He seemed to say that government spending has propped up the stock market although temporarily. Now that the times have changed and people want to put the brakes on borrowing and spending this removal of the government money will result in severe economic problems because of a collapsing of prices.
The government has also tried printing money with QE1 and QE2 and there are calls to do a QE3. I argued in a previous blog that this will only lead to massive inflation and that could lead to disaster. This is what lead Germany to Hitler through the massive money printing and inflation of the Weimar republic. The National Socialists (NAZIs) were just another political party with limited influence until the money printing inflation cycle drove the German economy to a terrible crisis. This all made people turn to Hitler for a solution and we all got the holocaust of World War Two with 60 million dead.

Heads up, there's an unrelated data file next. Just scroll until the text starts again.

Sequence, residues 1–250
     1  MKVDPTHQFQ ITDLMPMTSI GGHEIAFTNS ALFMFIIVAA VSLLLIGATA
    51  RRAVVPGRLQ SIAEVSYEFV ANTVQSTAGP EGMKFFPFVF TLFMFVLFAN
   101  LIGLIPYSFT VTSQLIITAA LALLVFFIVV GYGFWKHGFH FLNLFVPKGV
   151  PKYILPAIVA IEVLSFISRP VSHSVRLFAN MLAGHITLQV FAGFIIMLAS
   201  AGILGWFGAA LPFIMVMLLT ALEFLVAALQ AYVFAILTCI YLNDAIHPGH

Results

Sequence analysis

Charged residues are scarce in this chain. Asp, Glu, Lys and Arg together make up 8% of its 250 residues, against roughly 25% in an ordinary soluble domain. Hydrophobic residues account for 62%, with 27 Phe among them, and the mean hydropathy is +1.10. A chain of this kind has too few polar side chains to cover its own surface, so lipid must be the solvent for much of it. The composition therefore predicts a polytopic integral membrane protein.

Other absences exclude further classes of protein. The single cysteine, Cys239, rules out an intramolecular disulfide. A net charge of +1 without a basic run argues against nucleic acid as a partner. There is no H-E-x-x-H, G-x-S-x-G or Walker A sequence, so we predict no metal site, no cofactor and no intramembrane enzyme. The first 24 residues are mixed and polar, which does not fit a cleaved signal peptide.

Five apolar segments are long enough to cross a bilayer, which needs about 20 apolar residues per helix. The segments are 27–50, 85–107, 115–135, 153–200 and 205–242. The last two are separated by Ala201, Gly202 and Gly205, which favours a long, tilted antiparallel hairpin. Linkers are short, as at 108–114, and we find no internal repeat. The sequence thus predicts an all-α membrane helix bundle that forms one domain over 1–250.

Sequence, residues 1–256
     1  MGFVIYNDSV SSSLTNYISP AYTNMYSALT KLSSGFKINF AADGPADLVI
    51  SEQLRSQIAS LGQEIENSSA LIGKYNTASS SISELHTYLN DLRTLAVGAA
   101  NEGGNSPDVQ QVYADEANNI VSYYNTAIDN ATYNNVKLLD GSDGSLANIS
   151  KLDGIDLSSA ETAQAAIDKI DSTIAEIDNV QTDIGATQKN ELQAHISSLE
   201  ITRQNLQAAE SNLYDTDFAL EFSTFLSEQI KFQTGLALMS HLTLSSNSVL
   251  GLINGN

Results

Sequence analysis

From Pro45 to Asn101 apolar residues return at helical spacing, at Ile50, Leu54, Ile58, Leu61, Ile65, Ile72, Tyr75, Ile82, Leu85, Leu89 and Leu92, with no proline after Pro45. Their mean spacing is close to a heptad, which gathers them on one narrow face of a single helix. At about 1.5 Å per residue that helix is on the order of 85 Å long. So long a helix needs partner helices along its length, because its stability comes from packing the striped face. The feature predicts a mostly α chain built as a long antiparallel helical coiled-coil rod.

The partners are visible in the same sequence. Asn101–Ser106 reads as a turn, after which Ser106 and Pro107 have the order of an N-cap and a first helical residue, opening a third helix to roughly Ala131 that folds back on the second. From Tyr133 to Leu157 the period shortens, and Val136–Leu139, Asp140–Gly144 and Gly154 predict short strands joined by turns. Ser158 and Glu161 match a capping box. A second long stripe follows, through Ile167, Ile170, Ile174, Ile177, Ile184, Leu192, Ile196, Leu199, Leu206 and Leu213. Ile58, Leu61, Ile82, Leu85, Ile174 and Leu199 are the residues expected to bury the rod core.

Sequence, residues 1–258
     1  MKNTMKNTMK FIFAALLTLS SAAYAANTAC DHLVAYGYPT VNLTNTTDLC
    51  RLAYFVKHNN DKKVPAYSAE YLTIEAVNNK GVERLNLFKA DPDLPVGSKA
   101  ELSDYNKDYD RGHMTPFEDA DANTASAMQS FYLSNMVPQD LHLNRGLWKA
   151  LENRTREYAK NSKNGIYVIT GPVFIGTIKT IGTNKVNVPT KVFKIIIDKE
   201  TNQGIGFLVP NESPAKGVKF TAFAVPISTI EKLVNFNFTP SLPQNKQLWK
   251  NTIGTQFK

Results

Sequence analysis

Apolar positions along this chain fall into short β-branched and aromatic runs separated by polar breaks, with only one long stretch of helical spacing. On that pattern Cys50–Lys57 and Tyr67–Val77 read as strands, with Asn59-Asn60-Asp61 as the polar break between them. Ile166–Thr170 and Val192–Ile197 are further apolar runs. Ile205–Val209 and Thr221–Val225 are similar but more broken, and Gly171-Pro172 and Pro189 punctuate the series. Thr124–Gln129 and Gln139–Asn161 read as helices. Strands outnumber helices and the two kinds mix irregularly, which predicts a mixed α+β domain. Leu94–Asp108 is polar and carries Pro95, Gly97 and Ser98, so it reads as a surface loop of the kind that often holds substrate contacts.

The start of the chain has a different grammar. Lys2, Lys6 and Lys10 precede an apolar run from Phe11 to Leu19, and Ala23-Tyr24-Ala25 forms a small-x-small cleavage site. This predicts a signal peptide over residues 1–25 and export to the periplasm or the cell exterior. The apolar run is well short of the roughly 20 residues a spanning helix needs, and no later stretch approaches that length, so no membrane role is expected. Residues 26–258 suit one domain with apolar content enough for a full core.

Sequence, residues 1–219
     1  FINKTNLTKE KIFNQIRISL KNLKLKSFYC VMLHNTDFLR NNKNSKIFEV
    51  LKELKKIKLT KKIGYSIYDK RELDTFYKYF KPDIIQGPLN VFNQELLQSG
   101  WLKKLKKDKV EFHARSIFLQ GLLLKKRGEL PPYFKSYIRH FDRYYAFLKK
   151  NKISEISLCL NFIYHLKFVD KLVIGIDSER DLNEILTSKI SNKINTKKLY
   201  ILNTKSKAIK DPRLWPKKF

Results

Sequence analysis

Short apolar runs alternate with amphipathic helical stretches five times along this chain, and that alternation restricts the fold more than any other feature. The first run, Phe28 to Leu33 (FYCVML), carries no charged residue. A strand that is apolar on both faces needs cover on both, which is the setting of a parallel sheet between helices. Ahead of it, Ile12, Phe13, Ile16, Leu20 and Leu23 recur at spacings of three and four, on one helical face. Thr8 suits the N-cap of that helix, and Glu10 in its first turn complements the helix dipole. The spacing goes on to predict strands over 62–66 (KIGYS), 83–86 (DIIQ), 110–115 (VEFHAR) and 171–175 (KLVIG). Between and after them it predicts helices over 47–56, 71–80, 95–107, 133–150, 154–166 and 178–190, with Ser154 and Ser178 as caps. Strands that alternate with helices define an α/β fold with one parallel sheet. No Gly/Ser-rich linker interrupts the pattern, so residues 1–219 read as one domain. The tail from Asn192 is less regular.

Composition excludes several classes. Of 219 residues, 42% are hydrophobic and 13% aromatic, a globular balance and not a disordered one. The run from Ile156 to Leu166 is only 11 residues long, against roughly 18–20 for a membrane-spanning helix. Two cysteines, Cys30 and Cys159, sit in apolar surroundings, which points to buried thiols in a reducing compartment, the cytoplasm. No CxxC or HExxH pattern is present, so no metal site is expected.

I believe that Shaffer’s theory of a massive price reducing deflation instead of hyperinflation must be considered as a real possibility. It is certainly another possible outcome of the current economic crisis. Prices could dramatically fall when government spending is inevitably withdrawn.
Is it more likely that prices will collapse as government withdraws spending? Are we headed into a deflationary downward spiral or is it more likely that massive inflation will occur as governments print more money?
We don’t know for sure. Our debt situation and money printing policies are similar to the Weimar Republic of the 1920s but the argument for deflation is also compelling. Will prices drop dramatically or will they inflate beyond all expectations? Either way we appear to be headed for a crisis in the world. We have been there before but the results were not good. When economies collapse and order is gone people yearn for someone to restore order. That person or persons could become a detriment to the whole world like Hitler was in the 1940s.